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Understanding Drug Abuse and Addiction

In today’s society we are quick to judge the addict/alcoholic. The facts are is the addict is so chemically dependent on the drug that stopping is almost impossible if there is no help or treatment in place.  We addicts are not use to living life without something that can alter our mind in one form or another.  Which makes the possibility of getting clean and sober seem scary. This is why treatment centers, recovery homes and 12 step programs are a need so the recovering addicts/alcoholics can receive help getting clean and staying clean. Many people do not understand why or how other people become addicted to drugs or alcohol. It is often mistakenly assumed that addicts lack moral principles or willpower or that they could stop using drugs by simply choosing to. In reality, drug addiction is a complex disease, and quitting takes more than good intentions or strong willpower. In fact, because drugs and alcohol change the brain in many ways it makes quitting difficult; even for those who are ready to do so.

What is Addiction?

Addiction is a chronic disease that affects both the brain and behavior of the addicted person. Addiction causes compulsive drug seeking and use, despite harmful consequences to the individual and to those around them. Although the first decision to take drugs or alcohol is voluntary for most people, the brain change that occurs over time damages the addicted person’s self-control and hinders their ability to resist intense craving to take drugs or alcohol. Fortunately, treatments are available to help people overcome their addiction. Research shows that combining addiction treatment with behavioral therapy is the best way to ensure success for most addicts. Treatment approaches that are adjusted to each addicts drug abuse patterns and any co-occurring medical, psychiatric, and social problems can lead to successful recovery and a life without drugs or alcohol. Similar to other chronic, relapsing diseases, such as diabetes, asthma, or heart disease, drug addiction can be managed successfully. And as with other chronic diseases, it is not uncommon for a person to relapse and begin abusing drugs again. Relapse, however, does not signal treatment failure—rather, it indicates that treatment should be reinstated or adjusted or that an alternative treatment is needed to help the individual regain control and recover.

Why Do Some People Become Addicted While Others Do Not?

  • Biology. The genes that people are born with—in combination with environmental influences—account for about half of their addiction vulnerability.
  • Environment. A person’s environment includes many different influences, from family and friends to socioeconomic status and quality of life in general. Factors such as peer pressure, physical and sexual abuse, stress, and quality of parenting can greatly influence the occurrence of drug abuse and the escalation to addiction in a person’s life.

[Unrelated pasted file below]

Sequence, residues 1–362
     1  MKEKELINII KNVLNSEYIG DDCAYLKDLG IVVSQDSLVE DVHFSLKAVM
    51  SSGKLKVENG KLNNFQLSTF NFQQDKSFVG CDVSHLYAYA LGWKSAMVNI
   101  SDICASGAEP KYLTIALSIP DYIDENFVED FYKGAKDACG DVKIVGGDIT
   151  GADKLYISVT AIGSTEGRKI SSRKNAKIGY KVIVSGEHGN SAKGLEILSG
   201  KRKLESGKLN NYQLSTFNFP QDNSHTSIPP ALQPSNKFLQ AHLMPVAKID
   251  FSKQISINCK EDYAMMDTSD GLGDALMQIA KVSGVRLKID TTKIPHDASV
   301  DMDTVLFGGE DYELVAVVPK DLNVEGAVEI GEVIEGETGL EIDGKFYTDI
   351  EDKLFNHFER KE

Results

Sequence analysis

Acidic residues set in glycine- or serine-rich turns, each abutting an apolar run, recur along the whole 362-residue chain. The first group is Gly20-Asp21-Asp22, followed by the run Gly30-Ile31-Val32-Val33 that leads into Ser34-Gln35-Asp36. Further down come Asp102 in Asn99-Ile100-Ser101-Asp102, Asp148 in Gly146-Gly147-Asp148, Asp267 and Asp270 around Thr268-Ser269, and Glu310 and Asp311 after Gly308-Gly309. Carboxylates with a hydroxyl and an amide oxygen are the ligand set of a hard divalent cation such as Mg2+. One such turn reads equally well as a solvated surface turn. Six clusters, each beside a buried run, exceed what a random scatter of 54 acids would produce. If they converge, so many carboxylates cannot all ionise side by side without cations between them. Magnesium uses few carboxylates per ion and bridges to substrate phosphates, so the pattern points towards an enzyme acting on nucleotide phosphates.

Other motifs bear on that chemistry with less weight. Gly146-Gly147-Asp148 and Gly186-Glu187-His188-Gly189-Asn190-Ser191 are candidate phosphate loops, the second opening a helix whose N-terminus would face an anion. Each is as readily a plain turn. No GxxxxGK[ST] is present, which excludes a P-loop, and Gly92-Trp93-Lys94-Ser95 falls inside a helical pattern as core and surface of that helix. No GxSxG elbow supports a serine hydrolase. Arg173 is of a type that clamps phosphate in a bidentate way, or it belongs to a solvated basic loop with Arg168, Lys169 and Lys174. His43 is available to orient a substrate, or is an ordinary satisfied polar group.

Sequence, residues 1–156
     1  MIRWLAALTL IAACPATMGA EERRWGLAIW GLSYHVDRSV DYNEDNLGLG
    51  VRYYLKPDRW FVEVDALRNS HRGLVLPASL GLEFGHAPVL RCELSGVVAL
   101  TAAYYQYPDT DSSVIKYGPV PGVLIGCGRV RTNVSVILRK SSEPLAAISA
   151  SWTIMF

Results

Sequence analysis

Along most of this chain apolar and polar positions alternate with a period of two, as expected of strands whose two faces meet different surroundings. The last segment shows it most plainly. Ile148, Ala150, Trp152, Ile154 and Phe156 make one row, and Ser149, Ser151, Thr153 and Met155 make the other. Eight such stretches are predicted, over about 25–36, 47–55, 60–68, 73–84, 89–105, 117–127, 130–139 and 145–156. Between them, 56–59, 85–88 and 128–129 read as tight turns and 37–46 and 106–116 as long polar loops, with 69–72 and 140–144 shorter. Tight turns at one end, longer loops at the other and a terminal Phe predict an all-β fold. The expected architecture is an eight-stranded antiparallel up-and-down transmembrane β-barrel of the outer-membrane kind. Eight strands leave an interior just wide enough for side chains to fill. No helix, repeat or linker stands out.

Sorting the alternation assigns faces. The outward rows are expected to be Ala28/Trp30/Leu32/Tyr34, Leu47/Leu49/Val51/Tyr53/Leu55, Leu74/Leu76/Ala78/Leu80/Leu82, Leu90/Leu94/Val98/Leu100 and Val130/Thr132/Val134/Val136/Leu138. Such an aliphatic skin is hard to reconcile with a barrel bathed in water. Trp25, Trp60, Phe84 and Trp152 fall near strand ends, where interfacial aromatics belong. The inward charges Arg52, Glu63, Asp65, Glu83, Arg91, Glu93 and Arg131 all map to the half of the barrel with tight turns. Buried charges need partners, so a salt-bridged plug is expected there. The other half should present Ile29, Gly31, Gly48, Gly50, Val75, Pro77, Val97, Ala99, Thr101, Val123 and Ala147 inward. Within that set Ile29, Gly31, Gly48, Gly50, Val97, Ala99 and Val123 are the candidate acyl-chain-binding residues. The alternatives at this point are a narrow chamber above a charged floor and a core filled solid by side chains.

• Development. Genetic and environmental factors influence important developmental stages in a person’s life. Although taking drugs at any age can lead to addiction, the earlier the drug  or alcohol use begins, the more likely it will progress to more serious abuse, which indicates a greater problem to adolescents. Because areas in the younger brain that control decision making, judgment, and self-control are still developing, adolescents may be especially prone to risk-taking behaviors, which includes trying drugs or alcohol.

More About Alcoholism

“Most of us have been unwilling to admit we were real alcoholics. No person likes to think he/she is bodily and mentally different from his fellows. Therefore, it is not surprising that our drinking careers have been characterized by countless vain attempts to prove we could drink like other people. The idea that somehow, someday he/she will control and enjoy his drinking is the great obsession of every abnormal drinker. The persistence of this illusion is astonishing. Many pursue it into the gates of insanity or death. We learned that we had to fully concede to our innermost selves that we were alcoholics. This is the first step in recovery. The delusion that we are like other people, or presently may be, has to be smashed. We alcoholics are men and women who have lost the ability to control our drinking. We know that no real alcoholic ever recovers control. All of us felt at times that we were regaining control, but such intervals – usually brief – were inevitably followed by still less control, which led in time to pitiful and incomprehensible demoralization. We are convinced to a man that alcoholics of our type are in the grip of a progressive illness. Over any considerable period we get worse, never better.” – Big Book of Alcoholics Anonymous, Forth Edition, Page 30